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  Isabelle RUDOLPH


Isabelle Rudolph CV (PDF)

Isabelle RUDOLPH
Sweet Dreams Are Made of This
26 September to 20 October 2012

About a year ago I began to experiment with fabric from Mattresses and in making it into elaborate coats for men and women.

I have always loved clothes and been aware of the magical quality they have to invoke feelings and characters by being worn or the power to express in a constant and outward way the values and qualities of the wearer. In other words the unavoidable code we all tap out every day to others by getting dressed.

Initially I made a series of eight coats from mattress and bed fabric and have since added four more. Some of them are lined with old bedclothes, some are unlined. I have used conventional dressmaking supplies for fastenings and construction as well as some ornamentation. In refiguring the fabric I am interested in the transitions of meaning for example; a bloodstain moved from the centre of a mattress to the elbow of a coat evolves to be simultaneously the stain of adulthood menstruation and of childhood injury.

I love watching people dress up and play with them; impervious to the strong taboo of menstrual blood and other bodily fluids. I did not expect their enthusiasm and continue to be fascinated as people breathe in deeply the smell of dog and mould and nobody knows what. As if the mere act of recutting and sewing has deemed them sanitary; hygienic; safe.

To carry this reconstitution further I am currently working on a series of paintings; depicting my mattress coats being worn by very established celebrities. The ‘Stars’ include Kate Moss, Keith Richards, Naomi Campbell, Bob Dylan, Brad Pitt, Patti Smith, Johnny Depp, Vivienne Westwood, and David Bowie. I chose personalities that seem to go beyond being recognised for their career into being idolised in all aspects of their existence including the way they dress. I also chose people I believe have been in the public consciousness for so many years, as to have taken on an almost mythical status.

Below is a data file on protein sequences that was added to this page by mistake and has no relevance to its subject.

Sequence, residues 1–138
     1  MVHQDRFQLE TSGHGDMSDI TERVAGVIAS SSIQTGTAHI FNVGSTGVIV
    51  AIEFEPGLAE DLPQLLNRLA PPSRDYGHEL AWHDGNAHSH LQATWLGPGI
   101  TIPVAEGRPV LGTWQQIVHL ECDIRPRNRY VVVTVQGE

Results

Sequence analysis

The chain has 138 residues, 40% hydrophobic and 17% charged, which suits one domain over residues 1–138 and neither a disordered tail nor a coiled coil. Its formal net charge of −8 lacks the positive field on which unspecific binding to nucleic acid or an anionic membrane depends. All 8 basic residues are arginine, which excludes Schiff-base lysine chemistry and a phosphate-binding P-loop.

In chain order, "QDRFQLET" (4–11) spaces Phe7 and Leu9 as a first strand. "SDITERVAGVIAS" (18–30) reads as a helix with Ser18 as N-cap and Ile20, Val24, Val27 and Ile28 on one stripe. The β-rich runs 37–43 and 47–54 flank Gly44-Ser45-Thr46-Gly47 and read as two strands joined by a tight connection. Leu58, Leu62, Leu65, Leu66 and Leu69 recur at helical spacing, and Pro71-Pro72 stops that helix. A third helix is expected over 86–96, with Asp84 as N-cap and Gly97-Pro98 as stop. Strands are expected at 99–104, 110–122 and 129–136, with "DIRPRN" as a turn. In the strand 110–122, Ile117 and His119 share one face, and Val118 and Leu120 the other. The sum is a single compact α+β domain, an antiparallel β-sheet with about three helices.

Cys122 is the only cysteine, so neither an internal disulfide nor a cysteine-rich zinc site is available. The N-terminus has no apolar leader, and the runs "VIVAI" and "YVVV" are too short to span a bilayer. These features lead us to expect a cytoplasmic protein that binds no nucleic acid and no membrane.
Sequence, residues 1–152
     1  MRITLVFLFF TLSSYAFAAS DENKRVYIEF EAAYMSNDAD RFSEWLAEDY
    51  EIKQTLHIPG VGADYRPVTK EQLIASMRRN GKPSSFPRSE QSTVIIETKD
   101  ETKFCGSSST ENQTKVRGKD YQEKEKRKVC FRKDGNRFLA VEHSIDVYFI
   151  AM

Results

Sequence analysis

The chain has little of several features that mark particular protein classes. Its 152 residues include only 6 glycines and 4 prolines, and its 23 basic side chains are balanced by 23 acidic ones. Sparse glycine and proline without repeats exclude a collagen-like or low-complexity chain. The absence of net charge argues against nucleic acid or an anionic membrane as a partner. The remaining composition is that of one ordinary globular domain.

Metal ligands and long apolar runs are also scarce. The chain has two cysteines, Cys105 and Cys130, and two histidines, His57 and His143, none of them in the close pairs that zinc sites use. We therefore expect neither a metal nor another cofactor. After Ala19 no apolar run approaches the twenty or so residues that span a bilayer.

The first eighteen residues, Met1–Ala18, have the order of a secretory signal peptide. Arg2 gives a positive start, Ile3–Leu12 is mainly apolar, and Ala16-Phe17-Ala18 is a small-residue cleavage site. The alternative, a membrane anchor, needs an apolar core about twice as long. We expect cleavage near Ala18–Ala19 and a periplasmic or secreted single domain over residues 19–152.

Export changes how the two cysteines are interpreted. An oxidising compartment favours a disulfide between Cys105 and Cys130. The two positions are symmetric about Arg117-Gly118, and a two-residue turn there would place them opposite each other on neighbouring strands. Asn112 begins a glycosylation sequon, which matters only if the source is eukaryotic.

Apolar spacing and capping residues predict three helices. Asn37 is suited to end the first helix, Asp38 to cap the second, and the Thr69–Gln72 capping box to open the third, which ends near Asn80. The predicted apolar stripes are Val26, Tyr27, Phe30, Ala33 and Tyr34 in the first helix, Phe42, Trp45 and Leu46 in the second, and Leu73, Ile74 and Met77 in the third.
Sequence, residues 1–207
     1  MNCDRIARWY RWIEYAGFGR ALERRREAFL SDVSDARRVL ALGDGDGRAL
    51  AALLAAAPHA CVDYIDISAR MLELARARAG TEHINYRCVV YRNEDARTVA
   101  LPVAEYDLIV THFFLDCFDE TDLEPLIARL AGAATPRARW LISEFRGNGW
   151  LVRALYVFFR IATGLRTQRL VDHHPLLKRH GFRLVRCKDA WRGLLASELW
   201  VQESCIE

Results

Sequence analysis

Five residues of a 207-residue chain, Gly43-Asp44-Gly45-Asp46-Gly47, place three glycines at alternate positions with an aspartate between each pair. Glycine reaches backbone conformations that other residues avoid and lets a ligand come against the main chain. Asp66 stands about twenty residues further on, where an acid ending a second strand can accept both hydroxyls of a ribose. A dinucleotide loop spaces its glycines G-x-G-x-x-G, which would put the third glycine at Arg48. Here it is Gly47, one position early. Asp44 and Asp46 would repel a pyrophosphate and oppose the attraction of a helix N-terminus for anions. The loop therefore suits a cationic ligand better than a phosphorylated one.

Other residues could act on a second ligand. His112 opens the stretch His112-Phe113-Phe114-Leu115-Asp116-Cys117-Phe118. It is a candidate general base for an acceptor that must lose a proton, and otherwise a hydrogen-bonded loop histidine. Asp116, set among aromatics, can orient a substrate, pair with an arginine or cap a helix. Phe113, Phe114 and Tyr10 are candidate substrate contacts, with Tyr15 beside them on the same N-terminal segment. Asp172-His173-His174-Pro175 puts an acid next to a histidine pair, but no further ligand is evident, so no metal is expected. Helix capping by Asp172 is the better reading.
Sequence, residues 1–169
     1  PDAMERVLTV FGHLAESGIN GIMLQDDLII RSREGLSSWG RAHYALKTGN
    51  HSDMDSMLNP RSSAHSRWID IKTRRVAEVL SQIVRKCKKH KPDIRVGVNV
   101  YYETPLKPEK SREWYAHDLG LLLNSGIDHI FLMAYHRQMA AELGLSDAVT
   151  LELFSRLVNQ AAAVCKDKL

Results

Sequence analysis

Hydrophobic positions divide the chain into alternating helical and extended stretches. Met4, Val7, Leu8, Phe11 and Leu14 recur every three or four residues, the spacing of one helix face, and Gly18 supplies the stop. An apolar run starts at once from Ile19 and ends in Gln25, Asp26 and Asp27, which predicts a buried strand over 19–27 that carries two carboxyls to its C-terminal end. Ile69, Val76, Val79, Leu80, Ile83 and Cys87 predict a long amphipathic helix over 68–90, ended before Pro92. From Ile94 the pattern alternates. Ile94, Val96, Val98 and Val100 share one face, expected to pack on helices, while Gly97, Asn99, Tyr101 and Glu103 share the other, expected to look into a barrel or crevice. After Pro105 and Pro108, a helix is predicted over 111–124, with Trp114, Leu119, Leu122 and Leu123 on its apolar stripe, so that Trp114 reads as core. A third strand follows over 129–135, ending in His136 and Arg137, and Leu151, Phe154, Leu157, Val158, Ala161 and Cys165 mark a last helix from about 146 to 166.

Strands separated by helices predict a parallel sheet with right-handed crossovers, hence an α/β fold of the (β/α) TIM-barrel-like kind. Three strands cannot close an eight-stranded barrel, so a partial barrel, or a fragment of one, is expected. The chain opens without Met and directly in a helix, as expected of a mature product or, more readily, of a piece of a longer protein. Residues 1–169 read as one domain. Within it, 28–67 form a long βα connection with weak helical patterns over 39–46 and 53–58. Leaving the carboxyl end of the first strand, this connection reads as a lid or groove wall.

I see Celebrity culture as a distillation of social values. In deeming select people worthy of such widespread and lasting esteem we create symbols of our own social aspiration.

Celebrity endorsement is a kind of capitalist propaganda which has long been a method of selling product and in my fictionalised compositions I am trying to catch hold of that spirit and exploit these celebrated images to give credence to my own work. I don’t necessarily think these famous people would agree to being used as mascots for my art, but like so much of how they appear to the public; they have no say in it.

I am drawing on traditional European painting techniques. Through the fusing of old and new forms of idolatry I want to provoke thought around themes of wealth and success, fame and ambition, and social normalcy. Not to condemn or celebrate but just to reframe and question.

Isabelle Rudolph
Melbourne, 2012


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